It has long been recognized that social determinants of health (SDH)—defined as the conditions in which people are born, live, work, and age—have an important impact on health outcomes.
In the United States, we have traditionally looked to “social services”—nutrition, housing, early childhood development, and transportation assistance, for example—to address challenges imposed by SDH. It follows, therefore, that effective social services can have as important an impact on health outcomes as the use of medical services.
The value of social services has been clearly shown in the work of the World Health Organization, the Robert Wood Johnson Foundation, and many others. But this demonstrated success has not been enough to elicit action toward integrating social services into the delivery of health care.
We may have seen the first glimmers of change in early April, however, with the issuance by the Centers for Medicare & Medicaid Services (CMS) of the final rule on 2019 Medicare Advantage (MA) capitation rates—although the effect of the change is limited to the one-third of the Medicare population enrolled in MA plans, the private plans available as alternatives to traditional fee-for-service Medicare. The CMS rule increases the national per capita growth rate for MA plans by 3.4 percent for 2019, but what may be more important over the long-term is the rule’s expansion the definition of primarily health-related benefits, which circumscribes what insurers are allowed to include in MA policies as supplemental benefits.
New Benefits for the MA Population
CMS will start allowing MA plans to provide care and devices that prevent or treat illnesses, compensate for physical impairments, and reduce avoidable emergency care, along with the more traditional auxiliary Medicare program benefits offered in the past, such as hearing aids or eyeglasses. Although the new benefits still must be medically appropriate and recommended by a licensed provider, they can include supportive services such as rides to physician offices, better food choices, simple modifications to senior’s homes to prevent injuries, and aides for personal care needs. The MA program is not the first to provide such support services. Some of these types of services have been available in health plans for seniors outside of Medicare, such as the United Mine Workers of America’s combined benefits fund plans for retirees and the customized plans facilitated by California’s Institute on Aging.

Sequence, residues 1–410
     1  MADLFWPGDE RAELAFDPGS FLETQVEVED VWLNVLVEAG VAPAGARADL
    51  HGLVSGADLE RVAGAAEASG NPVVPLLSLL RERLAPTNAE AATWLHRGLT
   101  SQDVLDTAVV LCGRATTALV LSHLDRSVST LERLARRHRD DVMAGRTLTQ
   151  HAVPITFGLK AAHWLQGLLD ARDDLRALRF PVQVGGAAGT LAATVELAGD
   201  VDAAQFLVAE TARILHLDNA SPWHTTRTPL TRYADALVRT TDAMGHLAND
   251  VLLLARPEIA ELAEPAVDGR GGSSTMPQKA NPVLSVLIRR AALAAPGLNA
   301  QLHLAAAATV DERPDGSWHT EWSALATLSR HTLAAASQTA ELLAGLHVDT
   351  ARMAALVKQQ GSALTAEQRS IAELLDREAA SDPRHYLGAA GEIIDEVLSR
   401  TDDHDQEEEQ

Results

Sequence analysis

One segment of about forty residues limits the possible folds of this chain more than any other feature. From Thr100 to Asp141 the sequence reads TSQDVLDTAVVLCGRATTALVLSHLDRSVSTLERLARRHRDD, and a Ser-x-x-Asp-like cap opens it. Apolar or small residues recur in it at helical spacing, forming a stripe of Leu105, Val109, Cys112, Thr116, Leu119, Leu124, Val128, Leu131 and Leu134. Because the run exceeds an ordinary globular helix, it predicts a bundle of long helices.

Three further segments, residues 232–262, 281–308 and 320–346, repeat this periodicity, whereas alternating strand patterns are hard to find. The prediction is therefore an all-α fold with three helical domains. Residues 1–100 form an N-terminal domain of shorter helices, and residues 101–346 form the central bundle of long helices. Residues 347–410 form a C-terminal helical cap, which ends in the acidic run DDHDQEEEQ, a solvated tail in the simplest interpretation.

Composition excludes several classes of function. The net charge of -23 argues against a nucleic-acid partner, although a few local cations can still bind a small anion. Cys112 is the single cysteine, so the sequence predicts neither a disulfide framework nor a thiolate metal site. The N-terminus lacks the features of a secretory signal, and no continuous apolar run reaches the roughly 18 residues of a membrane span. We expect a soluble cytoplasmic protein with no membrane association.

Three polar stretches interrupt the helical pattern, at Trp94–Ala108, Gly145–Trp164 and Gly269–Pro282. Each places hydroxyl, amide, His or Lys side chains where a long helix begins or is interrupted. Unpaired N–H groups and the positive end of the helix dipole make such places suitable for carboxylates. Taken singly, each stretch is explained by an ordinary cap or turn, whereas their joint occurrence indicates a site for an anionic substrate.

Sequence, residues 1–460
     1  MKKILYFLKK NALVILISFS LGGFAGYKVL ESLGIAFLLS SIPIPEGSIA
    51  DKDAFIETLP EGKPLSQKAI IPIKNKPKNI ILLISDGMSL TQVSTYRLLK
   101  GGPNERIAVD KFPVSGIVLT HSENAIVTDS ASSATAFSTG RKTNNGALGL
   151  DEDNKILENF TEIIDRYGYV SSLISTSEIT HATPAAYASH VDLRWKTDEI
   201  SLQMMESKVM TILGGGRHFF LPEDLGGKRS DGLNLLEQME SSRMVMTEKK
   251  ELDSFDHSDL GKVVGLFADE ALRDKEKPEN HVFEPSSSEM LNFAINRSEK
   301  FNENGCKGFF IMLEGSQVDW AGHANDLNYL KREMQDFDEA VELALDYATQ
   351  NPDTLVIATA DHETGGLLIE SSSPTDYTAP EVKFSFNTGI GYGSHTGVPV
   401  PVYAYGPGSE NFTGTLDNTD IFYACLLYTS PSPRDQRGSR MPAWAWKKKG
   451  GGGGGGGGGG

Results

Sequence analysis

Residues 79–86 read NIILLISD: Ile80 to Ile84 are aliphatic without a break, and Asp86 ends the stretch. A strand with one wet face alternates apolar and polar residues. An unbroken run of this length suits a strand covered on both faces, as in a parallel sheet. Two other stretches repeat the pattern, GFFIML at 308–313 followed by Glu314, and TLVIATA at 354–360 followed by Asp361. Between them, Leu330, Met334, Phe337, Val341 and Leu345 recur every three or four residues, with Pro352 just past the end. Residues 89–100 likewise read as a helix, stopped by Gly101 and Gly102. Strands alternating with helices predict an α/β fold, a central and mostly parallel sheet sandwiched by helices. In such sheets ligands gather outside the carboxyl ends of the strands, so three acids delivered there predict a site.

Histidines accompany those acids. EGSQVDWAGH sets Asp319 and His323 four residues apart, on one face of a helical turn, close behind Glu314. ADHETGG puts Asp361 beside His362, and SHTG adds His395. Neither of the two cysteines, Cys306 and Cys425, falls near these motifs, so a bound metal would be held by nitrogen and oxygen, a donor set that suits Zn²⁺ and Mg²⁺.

The changed benefits that will be allowed in the MA plans for 2019 will lay some groundwork for the implementation of the Creating High-Quality Results and Outcomes Necessary to Improve Chronic (CHRONIC) Care Act of 2018, which will go into effect in 2020. That act focuses on creating the results and outcomes necessary to improve chronic care and improve at-home care. Primary objectives are to provide MA plans with greater flexibility, increase options for accountable care organizations, and expand telehealth availability. Although the recently issued MA rule moves in this direction, the rule implementing the CHRONIC Care Act, which should be released sometime in 2019, is expected to move even further by providing greater flexibility in the delivery of support services that enable individuals with chronic care to remain in their homes.
Different Benefits for Different Needs